Peroxynitrite and oxidative damage in experimental autoimmune uveitis

Guey Shuang Wu, Jie Zhang, Narsing A. Rao

Research output: Contribution to journalArticle

96 Citations (Scopus)

Abstract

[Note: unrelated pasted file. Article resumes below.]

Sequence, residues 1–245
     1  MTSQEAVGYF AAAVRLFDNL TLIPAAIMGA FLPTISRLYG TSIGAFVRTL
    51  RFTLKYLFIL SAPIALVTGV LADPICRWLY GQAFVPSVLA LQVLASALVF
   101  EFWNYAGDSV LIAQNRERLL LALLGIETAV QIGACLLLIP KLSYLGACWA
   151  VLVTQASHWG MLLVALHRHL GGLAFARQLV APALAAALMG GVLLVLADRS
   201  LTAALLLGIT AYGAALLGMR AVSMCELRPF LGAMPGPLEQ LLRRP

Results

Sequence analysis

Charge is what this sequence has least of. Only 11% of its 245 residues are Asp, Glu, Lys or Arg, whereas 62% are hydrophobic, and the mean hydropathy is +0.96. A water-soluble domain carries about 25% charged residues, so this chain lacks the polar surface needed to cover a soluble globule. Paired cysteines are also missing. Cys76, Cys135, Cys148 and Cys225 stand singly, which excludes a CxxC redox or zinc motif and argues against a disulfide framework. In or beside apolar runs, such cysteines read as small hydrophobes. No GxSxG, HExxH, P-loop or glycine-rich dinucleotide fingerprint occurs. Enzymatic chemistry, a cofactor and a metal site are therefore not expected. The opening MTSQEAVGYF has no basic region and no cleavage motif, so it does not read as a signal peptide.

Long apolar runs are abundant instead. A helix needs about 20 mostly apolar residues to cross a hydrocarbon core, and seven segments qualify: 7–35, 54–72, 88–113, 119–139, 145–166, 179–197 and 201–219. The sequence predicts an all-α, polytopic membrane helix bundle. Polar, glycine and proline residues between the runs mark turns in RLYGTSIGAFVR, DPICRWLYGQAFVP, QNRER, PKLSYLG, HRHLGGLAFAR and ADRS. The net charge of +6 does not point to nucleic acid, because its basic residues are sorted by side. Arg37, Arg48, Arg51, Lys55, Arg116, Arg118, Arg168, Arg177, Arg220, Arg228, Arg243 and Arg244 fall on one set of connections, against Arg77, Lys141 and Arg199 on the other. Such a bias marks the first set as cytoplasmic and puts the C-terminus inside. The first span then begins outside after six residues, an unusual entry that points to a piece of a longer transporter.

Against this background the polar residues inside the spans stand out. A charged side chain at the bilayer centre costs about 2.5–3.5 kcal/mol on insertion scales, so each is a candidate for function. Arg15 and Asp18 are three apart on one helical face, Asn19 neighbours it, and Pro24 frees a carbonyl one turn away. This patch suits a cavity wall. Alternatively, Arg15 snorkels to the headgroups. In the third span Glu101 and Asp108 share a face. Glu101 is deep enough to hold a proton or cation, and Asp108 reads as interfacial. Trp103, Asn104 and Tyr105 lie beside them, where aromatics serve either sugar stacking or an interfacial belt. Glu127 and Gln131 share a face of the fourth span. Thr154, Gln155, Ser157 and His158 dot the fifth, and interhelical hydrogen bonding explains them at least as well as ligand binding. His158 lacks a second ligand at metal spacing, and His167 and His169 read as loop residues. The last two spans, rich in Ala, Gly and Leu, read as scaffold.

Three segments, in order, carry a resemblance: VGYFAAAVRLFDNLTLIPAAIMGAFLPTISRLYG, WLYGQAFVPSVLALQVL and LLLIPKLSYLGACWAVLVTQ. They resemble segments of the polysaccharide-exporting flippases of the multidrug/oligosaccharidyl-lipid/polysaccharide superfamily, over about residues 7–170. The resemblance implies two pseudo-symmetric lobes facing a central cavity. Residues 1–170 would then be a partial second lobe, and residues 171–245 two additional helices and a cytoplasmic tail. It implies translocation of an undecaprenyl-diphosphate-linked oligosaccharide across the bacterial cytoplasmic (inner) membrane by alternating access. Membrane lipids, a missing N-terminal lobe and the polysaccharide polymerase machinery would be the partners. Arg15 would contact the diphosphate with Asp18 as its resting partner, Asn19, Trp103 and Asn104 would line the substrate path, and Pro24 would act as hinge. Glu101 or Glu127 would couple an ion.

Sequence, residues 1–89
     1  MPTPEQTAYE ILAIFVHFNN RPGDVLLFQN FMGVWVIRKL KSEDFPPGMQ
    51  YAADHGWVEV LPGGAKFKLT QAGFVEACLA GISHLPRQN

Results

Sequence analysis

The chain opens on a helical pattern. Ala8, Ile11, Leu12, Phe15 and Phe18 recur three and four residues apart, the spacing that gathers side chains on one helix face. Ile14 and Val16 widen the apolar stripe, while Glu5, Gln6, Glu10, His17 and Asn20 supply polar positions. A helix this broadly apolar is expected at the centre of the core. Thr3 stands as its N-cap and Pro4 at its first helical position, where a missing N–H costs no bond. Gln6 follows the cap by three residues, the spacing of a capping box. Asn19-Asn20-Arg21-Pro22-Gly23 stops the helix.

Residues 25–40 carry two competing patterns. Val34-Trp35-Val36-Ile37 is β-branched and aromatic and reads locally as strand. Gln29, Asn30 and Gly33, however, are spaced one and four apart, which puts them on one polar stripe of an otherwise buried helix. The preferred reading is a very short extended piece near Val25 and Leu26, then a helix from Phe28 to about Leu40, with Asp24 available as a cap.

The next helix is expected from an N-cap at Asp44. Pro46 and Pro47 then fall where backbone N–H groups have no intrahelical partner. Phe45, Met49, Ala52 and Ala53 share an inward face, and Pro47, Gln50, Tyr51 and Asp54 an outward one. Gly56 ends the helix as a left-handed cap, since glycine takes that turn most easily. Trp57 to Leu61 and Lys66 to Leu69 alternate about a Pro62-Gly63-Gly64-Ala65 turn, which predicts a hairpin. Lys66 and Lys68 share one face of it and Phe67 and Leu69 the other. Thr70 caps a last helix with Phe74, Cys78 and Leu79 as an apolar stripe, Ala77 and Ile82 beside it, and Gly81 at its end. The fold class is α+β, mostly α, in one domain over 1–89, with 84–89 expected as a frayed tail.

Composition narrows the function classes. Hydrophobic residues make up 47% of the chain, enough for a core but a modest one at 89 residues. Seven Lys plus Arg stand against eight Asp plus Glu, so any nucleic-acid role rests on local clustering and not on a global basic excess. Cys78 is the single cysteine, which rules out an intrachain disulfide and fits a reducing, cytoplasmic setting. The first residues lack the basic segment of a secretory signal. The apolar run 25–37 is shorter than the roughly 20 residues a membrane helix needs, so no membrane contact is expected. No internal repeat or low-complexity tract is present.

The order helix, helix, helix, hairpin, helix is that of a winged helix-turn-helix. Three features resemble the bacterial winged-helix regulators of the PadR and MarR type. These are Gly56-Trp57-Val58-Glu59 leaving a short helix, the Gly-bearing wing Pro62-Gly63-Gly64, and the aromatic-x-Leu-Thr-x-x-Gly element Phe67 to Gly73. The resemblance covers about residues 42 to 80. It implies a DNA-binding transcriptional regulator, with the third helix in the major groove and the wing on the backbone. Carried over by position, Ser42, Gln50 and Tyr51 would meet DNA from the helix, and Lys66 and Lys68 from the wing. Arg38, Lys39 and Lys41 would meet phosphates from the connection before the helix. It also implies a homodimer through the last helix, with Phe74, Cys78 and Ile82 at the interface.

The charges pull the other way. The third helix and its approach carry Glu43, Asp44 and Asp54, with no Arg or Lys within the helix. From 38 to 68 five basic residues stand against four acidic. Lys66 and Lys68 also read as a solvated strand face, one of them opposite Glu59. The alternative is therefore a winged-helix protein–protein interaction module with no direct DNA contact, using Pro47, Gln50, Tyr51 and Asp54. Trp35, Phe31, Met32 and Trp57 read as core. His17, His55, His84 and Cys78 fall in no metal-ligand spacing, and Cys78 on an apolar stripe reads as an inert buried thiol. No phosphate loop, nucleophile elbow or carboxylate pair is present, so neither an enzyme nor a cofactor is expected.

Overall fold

Purpose. Results of previous study demonstrated the presence of superoxide and nitric oxide in experimental autoimmune uveitis (EAU). These two chemical entities have recently been shown to combine rapidly to form one of the most potent known biologic oxidants, peroxynitrite. As an extension of the previous study, the current study was proposed to determine whether peroxynitrite is generated in EAU and the site and extent of any oxidative damage thereby inflicted. Methods. Experimental uveitis was induced in Lewis rats with retinal S-antigen. The localization of peroxynitrite was carried out by immunohistochemical detection of its nitration product, nitrotyrosine, using polyclonal rabbit antinitrotyrosine antibody. The lipid peroxides in the membrane were detected by fluorescent labeling of their secondary carbonyl products with 3-hydroxy-2-naphthoic acid hydrazide. This fluorescent product was also visualized by coupling with Fast Blue B. A confocal laser scanning microscope was used for detection. Results. In EAU, the peroxynitrite plaques were observed to concentrate in the photoreceptors but were also visible in some inner retinal areas, including ganglion cell layers, nerve fiber layers, and retinal blood vessels. The lipid peroxides were localized exclusively in the photoreceptors, concentrating in the vicinity of the infiltrating phagocytes but not localized on the phagocytic cells themselves. Similar peroxide lesions in the photoreceptors were also generated by aerobically exposing the naive, open eyecups to a radical generator, 2,2'azobis(2-amidinopropane) hydrochloride. Conclusions. In EAU, there was a substantial concentration of peroxynitrite in the photoreceptors. The presence of this oxidant appears to correlate with the pathologic oxidation demonstrated in this area. The photoreceptors are especially prone to radical-induced lipid peroxidation caused by high concentration of docasahexaenoic acid that is contained in these structures.